I really love Bauer's art, especially his trolls and works on Scandinavian folklore and mythology. It inspired me at one point to do my take on our own local mythological creatures here at some point in the past.

 

-Ly

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EmpyreanKnight

Through all of the Lo Scarabeo decks I posted, there's one thing that I noticed. They do listen to their market base, as they have finally dispensed with their ungainly multi-lingual borders. At last.

 

Yeah, you are right. This is promising. There really needs to be tougher competition in the mass produced deck market so that things keep evolving. But as far as the Us games copyright logo on every card - let's just say I have given up on that 8)

 

Yeah, the main Tarot houses are upping their game. Aside from getting rid of their multilingual borders, Lo Scarabeo has begun offering decks in premium boxes like the Tarocchi Sola Busca, Tarocchino Mitelli, and the standard Santa Muerte, plus their LWBs are not generic now. I certainly didn't mind paying more for those. Llewellyn has replaced their floppy cardboard boxes with strong and sturdy kits with magnetic flaps like they did with the Linestrider, Modern Spellcaster's, and Celtic. Now if they can do something about their heartbreakingly thin cardstock. . .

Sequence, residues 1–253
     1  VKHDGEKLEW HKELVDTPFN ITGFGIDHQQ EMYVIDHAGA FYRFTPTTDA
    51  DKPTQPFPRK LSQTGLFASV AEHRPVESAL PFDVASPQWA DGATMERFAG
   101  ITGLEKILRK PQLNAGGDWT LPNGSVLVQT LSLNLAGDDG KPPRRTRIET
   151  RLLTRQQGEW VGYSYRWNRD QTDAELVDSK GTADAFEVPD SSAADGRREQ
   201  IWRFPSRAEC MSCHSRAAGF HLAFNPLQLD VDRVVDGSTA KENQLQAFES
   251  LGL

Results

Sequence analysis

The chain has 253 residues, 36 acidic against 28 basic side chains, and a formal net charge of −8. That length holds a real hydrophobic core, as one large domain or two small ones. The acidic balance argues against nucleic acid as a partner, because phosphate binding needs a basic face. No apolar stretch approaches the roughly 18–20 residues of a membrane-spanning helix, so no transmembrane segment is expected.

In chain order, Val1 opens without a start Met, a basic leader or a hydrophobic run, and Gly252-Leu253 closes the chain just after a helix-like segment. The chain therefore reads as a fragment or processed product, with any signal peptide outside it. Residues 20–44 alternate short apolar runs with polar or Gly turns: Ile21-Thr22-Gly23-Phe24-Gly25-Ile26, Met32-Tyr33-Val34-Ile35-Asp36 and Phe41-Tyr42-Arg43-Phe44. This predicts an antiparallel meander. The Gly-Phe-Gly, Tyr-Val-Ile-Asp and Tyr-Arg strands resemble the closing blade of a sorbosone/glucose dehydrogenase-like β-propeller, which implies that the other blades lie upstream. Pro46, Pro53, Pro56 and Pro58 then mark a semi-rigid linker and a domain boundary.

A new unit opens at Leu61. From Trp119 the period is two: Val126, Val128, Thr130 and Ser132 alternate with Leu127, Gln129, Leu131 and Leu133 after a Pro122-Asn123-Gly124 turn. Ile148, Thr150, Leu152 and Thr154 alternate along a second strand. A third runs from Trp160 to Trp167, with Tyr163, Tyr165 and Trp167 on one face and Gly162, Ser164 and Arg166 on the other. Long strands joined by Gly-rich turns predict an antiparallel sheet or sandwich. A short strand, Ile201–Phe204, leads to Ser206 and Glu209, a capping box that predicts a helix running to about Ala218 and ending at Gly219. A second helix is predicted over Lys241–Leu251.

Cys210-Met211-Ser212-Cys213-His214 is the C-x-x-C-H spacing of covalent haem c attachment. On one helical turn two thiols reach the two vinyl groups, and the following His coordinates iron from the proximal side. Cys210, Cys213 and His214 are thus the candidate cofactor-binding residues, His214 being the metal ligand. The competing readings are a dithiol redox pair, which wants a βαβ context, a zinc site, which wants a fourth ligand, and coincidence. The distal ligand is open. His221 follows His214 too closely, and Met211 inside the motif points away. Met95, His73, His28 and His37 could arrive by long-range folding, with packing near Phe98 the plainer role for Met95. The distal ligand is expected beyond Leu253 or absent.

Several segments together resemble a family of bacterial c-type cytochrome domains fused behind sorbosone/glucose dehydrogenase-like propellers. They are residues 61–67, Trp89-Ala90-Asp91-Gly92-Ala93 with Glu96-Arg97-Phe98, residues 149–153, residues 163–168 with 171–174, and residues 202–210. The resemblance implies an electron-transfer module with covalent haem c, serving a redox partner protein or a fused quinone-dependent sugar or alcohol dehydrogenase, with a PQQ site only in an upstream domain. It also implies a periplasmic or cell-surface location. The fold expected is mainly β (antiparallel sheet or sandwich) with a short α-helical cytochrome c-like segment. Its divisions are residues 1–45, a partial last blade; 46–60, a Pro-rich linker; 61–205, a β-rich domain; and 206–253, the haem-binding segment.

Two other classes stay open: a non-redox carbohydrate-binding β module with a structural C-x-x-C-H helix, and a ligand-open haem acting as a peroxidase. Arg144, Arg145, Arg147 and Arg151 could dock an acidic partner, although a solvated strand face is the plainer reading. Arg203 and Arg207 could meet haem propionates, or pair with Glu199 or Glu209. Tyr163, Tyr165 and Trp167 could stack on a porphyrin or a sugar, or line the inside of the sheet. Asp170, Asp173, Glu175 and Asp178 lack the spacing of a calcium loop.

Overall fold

Maybe it's because the market has begun expressing a marked preference for indie decks with excellent production values. Regarding US Games - well they did release a deck with no copyright logo in front last year. That is the Borderless Smith-Waite tho, and they did put their mark on the backs' borders, so it's like the exception that proved the rule sorta thing.